Davis has a BA in Political Science and History, and a Masters Degree in Public
Administration. During a ten-year career in public relations, she spent three
years on the public speaking circuit, edited two newsletters, wrote three award
winning public service announcements, did television and radio commercials, starred
in the Seven Year Itch, taught college classes, lobbied both the Texas State Legislature
and the US Congress, and served as the director of two associations.
Her highly acclaimed first novel, Everything
In Its Time, was published in July 2000. Since then, among others, she’s
won the Booksellers Best, Golden Leaf, Texas Gold and Prism awards, and been nominated
for the National Readers Choice Award, the Holt and two RT Reviewers Choice Awards.
To date, she has written twenty-two novels and five novellas…and A Match Made on Madison.
She’s lived in Austria and traveled in Europe extensively. And although
she now lives in Connecticut she still calls Texas home.
Getting to Know Dee:
you could pick any career besides writing, what would you be?
I'd love to be a rock singer, but I think that ship has sailed. I'd also love
to be an actress, or maybe own a winery. And I've always wanted to work in the
White House. Or maybe write for All My Children.
So what's your favorite place in Manhattan?
You know, that's an impossible question. There are so many. But coming immediately
to mind. Bemelman's Bar in the Carlyle Hotel. The walls are decorated with original
drawings from the author of the Madeline books. The cocktails are wicked. And
there's this fabulous feel of Manhattan at its glamorous best.
Do you have pets?
I do. I have a cat named Sasha – black and white tuxedo. And I have a
dog named Max – cardigan welsh corgi. They both are good sounding boards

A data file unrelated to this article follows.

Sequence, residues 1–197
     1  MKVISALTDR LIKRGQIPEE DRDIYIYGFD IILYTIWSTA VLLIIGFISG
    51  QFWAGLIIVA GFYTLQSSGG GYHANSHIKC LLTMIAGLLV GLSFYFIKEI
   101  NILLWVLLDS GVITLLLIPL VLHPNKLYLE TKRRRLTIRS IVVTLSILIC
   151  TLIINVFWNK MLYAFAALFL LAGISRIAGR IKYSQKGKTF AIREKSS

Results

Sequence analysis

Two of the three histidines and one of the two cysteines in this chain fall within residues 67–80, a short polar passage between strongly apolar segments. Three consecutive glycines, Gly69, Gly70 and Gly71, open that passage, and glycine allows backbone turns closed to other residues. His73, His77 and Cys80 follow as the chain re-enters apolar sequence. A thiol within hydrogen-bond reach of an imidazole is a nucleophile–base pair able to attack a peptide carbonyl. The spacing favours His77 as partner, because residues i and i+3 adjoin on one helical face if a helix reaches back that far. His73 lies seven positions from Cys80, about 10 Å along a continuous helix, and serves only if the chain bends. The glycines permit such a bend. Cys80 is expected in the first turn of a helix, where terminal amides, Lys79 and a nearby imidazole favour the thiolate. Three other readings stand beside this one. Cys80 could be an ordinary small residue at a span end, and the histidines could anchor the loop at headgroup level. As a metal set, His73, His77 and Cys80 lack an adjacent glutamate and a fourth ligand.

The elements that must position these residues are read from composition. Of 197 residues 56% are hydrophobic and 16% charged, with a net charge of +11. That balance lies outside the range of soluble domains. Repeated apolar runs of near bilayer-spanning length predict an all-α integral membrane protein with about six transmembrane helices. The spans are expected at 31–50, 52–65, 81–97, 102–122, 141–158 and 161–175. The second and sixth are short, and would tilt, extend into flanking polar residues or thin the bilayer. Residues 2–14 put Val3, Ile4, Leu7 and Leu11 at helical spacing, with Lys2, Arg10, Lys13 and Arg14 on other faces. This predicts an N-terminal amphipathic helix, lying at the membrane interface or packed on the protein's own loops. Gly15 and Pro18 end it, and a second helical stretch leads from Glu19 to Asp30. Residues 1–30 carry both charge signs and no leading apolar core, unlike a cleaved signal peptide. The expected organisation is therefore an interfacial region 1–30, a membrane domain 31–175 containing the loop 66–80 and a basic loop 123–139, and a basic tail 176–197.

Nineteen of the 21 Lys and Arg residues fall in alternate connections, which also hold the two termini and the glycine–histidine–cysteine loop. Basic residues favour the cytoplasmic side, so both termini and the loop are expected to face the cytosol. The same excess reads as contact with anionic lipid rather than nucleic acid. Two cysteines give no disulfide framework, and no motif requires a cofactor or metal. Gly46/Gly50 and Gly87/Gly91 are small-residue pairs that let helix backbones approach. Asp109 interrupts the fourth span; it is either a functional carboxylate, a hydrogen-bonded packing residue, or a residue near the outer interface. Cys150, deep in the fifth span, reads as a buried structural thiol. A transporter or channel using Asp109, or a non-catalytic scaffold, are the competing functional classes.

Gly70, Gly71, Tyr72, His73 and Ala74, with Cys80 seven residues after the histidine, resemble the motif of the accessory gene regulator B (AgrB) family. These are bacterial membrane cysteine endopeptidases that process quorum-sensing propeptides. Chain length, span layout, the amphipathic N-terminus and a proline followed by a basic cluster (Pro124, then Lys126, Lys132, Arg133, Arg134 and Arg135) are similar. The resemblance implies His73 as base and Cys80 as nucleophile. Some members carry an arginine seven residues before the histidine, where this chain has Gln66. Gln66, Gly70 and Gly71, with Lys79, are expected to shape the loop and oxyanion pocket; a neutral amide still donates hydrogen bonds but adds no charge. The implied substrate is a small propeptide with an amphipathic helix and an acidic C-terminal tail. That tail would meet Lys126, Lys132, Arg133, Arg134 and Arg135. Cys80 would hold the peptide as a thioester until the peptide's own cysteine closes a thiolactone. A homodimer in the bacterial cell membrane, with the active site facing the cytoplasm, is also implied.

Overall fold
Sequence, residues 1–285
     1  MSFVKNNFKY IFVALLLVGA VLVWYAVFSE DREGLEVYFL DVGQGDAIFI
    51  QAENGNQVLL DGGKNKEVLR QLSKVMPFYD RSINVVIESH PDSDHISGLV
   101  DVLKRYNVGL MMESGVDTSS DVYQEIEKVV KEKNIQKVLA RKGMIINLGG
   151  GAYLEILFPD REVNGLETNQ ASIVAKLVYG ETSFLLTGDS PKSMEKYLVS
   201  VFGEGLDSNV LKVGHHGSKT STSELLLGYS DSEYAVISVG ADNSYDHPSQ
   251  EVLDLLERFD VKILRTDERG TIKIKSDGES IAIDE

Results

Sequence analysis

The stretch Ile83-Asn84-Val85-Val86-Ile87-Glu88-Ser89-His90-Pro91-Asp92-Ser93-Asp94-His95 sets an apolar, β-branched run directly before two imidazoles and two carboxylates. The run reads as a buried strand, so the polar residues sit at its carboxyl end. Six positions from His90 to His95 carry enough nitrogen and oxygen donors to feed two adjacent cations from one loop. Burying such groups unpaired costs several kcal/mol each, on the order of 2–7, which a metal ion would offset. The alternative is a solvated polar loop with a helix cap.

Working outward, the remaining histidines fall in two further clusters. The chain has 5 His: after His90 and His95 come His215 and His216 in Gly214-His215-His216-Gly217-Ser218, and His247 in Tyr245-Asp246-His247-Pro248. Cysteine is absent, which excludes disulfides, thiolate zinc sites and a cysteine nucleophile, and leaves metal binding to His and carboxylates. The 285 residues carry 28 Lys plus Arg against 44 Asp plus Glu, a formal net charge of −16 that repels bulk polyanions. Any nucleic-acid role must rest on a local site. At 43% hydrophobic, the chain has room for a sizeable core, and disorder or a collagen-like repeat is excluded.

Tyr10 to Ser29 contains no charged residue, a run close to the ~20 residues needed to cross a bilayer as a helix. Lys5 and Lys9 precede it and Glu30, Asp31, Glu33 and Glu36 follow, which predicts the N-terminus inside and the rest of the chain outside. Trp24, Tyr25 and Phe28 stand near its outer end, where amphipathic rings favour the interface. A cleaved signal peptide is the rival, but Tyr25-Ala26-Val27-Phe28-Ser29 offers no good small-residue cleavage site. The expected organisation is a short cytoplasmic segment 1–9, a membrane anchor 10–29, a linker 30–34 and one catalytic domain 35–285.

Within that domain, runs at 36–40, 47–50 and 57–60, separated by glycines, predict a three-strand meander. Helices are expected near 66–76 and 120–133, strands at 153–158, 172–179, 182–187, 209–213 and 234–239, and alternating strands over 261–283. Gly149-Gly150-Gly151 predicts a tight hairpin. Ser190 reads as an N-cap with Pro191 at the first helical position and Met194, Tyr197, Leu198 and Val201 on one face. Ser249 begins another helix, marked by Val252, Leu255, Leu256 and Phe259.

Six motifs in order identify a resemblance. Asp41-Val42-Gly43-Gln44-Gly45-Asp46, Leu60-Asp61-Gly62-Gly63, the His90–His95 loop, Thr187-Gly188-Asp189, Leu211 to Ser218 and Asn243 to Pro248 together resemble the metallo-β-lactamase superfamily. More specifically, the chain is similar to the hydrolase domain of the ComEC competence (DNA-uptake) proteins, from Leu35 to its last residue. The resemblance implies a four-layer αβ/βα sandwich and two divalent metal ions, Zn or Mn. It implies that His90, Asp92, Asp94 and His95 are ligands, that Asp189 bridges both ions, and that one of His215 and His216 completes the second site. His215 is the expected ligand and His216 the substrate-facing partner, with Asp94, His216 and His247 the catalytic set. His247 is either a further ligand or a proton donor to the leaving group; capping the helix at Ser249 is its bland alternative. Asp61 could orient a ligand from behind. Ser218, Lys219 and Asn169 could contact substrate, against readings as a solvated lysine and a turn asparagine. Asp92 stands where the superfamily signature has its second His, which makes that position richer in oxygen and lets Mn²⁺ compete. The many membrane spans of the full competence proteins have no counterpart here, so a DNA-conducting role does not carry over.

What are your hobbies?
I love to traveling, trying out new restaurants, cooking, hanging out with
my family, exploring Manhattan and of course reading!
you a full-time writer?
Yes. In fact, sometimes I work too many hours – at least according to
Have you always wanted to be a writer?
No. Although I always loved writing, I didn’t really think about it as
a full time career until I had a sort of mid-life crisis just before I turned
40 and realized that if I wanted to do it – it needed to be now.
What does the family feel about your writing?
They are all amazingly supportive. My husband, brother, mom and dad (until
he passed away) always read my books. And my 14 year old recently got the chance
to read A Match Made on Madison. They all
turn books around in their respective bookstores, and my husband has been known
to accost readers in stores to tell them about my latest. I am truly blessed.
Why did you pick romance?
I’ve always been a romantic at heart. I love a happy ending. Cried when
I didn’t get to see Cinderella’s wedding. Wanted more from Meg and
Calvin in A Wrinkle in Time, and always loved a good romantic hero –
like the one in Nine Coaches Waiting. And as a suspense writer, I love the idea
of integrating the suspense plotline with the romance.
So where do your ideas come from?
Ideas come from everywhere and then morph into their own story. As an example
when I lived in Europe my daughter was a baby and I had this insane fear of falling
off of a train. From that came the character of Chloe in Just
Breathe and her infamous fall off the train onto a dead man.
Do you write from outline or do you just sit down and write?
BIC – Butt in chair. Seriously, perseverance is the name of the game.
I usually have a synopsis of some sort for each book, although I really don’t
follow it to the letter. I guess my writing is more like a road map. I know where
I’m starting and where I’m going to end up, but the journey in between
evolves as I go along. As to word perfect… not a chance! Thank goodness
Do characters from other stories ever bother you while you’ve got a totally
different story in progress? How do you tell them to wait their turn?
Absolutely. Every character fully believes that the story is about him or her.
So that means sometimes you have to issue a gag order to keep them from taking
over. Literally. Sometimes I buy them off with the promise of their own book .
(That’s exactly what happened with Nigel in the Last Chance Series.)
What part of the story is the hardest to write? An action scene? A love scene?
For me it’s always the middle. For some reason that’s the point
where I usually just want to blow everyone up and be done with it. As to action